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Business Services and Consumer and Investor Protection

Preston DuFauchard
California Corporations Commissioner
Sacramento, California
FILE NO: SB 1275

June 28, 2010

The Honorable Mark Leno

California State Senate
State Capitol, Room 4061
Sacramento, CA 95814

Re: Senate Bill 1275 – OPPOSE

Dear Senator Leno:

This letter is to inform you of the Department of Corporations and the Department of
Real Estate’s position of OPPOSE on SB 1275 (collectively, “Departments”).

While the Departments recognize that the goal of the legislation is to ensure that
borrowers are not “falling through the cracks” in the loan modification process, the same
areas of the loan modification process that SB 1275 seeks to remedy have already
recently been addressed. In particular, Supplemental Directive 10-02 under the Home
Affordable Modification Program (HAMP) addresses many of the same areas of the loan
modification process as SB 1275. It is premature to add another layer of requirements
covering the same issues, when there is no evidence regarding the lack of efficacy of
this HAMP directive that has only become operative on June 1, 2010.

Further, since the inception of the HAMP program in 2009, there have been ten
supplemental directives issued in 2009 and five thus far in 2010, further refining the
program and setting forth procedural requirements for servicers. Among the reasons for
the 15 directives are the changing nature of the housing crisis, and the need to respond
to program and economic developments. Consequently, the Departments are
concerned about legislating in the same area that is continuously evolving under federal
oversight, and in a manner which will open the door for legal challenges to the bill.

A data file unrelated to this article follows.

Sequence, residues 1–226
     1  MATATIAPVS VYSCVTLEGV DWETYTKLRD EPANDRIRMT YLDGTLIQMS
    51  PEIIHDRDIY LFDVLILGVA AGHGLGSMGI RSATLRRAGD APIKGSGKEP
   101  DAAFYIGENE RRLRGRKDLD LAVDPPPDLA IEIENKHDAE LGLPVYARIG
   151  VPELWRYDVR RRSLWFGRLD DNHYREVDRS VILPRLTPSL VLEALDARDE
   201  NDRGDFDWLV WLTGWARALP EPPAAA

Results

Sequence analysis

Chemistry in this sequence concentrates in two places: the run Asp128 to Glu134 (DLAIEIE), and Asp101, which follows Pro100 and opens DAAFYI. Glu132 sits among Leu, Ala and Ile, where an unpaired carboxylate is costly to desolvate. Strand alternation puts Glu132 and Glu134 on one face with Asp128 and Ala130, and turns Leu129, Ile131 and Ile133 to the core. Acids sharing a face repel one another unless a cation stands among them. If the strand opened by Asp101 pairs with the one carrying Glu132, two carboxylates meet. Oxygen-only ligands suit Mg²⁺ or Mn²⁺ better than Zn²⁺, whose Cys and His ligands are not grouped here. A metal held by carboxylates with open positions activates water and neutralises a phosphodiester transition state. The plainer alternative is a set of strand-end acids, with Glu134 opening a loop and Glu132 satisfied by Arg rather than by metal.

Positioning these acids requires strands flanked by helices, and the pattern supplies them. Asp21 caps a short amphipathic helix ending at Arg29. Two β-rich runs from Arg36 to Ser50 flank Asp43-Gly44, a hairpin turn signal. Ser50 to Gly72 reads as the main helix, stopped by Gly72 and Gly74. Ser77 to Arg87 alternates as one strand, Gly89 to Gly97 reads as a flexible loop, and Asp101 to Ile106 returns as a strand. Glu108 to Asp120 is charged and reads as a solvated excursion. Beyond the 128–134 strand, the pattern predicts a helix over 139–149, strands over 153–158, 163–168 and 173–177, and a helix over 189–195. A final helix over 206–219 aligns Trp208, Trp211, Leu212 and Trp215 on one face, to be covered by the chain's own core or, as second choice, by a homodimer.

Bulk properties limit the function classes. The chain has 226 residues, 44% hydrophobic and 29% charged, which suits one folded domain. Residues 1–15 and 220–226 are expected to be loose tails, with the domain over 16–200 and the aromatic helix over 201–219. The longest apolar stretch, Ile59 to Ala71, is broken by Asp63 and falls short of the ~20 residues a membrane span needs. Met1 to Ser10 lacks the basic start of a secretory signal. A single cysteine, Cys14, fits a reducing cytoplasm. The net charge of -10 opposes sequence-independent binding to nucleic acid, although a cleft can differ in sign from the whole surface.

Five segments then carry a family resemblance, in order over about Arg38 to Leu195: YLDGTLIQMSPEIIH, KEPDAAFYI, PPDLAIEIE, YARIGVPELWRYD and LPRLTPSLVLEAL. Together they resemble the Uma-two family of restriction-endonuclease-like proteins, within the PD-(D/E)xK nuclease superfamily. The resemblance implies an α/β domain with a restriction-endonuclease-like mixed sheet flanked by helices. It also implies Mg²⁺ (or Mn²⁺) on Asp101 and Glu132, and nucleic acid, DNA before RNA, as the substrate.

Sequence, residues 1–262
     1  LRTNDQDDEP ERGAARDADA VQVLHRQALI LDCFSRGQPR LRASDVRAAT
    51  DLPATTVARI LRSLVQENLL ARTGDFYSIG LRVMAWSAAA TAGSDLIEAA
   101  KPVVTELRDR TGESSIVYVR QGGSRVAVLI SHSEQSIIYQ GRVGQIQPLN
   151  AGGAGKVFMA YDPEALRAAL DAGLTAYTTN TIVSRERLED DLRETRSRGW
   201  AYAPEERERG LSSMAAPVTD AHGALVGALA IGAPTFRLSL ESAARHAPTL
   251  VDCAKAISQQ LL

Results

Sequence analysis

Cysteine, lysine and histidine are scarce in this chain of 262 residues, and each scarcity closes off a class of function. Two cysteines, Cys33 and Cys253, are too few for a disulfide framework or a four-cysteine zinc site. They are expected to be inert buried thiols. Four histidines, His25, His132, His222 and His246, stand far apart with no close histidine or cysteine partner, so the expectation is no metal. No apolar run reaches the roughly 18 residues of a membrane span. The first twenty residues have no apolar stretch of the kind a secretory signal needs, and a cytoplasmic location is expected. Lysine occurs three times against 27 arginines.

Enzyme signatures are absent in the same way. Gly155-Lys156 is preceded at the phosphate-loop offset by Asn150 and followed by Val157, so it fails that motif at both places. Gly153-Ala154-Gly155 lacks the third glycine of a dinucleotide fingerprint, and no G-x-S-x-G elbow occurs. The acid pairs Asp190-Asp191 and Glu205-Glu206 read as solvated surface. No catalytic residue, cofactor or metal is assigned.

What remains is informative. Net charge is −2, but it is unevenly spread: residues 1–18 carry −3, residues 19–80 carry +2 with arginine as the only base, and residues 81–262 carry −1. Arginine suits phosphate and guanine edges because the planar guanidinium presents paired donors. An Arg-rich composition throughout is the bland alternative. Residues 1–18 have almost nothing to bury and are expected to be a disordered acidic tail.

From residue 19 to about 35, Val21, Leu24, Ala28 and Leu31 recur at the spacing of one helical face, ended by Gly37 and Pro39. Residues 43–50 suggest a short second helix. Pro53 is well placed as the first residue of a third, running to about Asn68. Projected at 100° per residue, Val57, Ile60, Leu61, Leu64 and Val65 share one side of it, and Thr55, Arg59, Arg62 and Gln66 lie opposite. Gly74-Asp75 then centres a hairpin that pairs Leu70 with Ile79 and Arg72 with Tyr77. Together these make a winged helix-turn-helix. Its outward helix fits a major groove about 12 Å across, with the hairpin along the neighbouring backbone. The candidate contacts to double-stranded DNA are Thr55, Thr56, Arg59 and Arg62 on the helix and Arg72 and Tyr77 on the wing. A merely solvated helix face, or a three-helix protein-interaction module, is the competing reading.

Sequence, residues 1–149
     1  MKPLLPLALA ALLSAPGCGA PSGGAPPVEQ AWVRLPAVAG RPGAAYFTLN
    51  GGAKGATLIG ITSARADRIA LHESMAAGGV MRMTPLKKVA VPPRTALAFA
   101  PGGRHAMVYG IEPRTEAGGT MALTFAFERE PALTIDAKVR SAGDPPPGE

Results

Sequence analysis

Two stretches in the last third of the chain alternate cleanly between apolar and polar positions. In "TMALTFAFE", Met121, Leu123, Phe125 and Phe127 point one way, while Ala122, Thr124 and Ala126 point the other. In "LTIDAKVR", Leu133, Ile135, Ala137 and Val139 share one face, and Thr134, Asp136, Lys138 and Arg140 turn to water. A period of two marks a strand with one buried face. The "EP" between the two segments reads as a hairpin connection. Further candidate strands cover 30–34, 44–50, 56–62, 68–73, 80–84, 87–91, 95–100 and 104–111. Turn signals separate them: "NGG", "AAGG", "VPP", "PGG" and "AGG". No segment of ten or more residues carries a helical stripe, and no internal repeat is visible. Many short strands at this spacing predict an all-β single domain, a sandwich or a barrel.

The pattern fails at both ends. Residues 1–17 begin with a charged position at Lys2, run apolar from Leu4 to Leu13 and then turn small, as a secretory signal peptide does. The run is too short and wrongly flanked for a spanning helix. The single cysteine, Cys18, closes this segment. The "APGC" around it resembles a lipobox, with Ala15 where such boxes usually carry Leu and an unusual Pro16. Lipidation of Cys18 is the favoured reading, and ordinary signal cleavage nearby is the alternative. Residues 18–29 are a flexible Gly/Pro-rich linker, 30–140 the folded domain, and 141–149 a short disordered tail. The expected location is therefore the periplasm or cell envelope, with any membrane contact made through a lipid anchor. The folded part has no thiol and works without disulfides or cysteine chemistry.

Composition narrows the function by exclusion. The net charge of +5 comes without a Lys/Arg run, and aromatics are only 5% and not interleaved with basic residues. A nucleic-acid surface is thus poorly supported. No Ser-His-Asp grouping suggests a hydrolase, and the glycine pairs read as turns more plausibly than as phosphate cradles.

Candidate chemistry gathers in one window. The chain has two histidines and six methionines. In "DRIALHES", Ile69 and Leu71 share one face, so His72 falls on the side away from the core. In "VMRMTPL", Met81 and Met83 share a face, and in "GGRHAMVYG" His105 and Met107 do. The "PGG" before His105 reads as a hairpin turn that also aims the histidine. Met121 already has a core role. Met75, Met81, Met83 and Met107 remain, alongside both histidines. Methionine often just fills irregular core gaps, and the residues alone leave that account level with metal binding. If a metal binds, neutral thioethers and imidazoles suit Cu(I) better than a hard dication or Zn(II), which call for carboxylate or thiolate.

With respect to borrower outreach efforts, effective June 1, 2010, HAMP set forth a
prohibition against a referral to foreclosure until either a borrower has been evaluated

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The Honorable Mark Leno
SB 1275 – Oppose
June 28, 2010
Page 2

and determined to be ineligible for HAMP, or reasonable solicitation efforts have failed.
Therefore, for the overwhelming majority of loans, HAMP requires a borrower be
considered for a modification prior to a referral to foreclosure. SB 1275 adds an
unnecessary layer of redundancy to the process. For servicers not contractually
obligated to comply with HAMP, SB 1275 creates a disincentive not to offer loan
modifications, by crafting prescriptive timeframes and exposing servicers to liability for
engaging in loan modification efforts.

With respect to servicer declarations of compliance, the public declaration required

by SB 1275 raises privacy concerns for borrowers and adds needless disruption to a
declaration process that was enacted less than two years ago in SB 1137 (Perata, Ch.
69, Stats. 2008). The need or benefit of crafting a new declaration process is not clear,
given that in addition to SB 1137, the HAMP directive now requires servicers to provide
written certifications to trustees regarding compliance with HAMP. Consequently, the
process of documenting compliance with borrower outreach efforts appears to be
adequately addressed in existing law and under the recent HAMP directive. Again, SB
1275 adds an unnecessary layer of redundancy and complexity to the process, and
invites litigation.

In addition to other concerns, the remedies under the bill are troublesome given the
lack of any nexus between the procedural failures leading to liability under the bill and a
borrower’s ability to qualify for a loan modification or otherwise fulfill the mortgage
agreement. SB 1275 adds incentives for litigation to a nonjudicial foreclosure process
and establishes disincentives for servicers to participate in loan modification programs.
In an attempt to keep borrowers from falling through the cracks, SB 1275 has
established complex procedural requirements and exposure to liability for all loan
modifications to address problems that have occurred at the margins, and that have
already been addressed through the HAMP directive.

This legislation may have negative effects in the future, as it appears likely to
increase the future costs for housing finance. The Departments caution that the new
requirements, uncertainty, and liability resulting from the bill may be passed along to
borrowers and the housing markets through higher costs, less access to credit, and less
capital available for housing. In California, sustainable loan modifications have proven
to be elusive because of high unemployment and the prevalence of houses that are
worth significantly less than the loans secured by them.

Should you or you staff have any questions or need further assistance, please
contact me at the number below, or Tom Pool, Assistant Commissioner, Department of
Real Estate, at 227-0772.


Colleen Monahan
Deputy Commissioner
Department of Corporations
The Honorable Mark Leno
SB 1275 – Oppose
June 28, 2010
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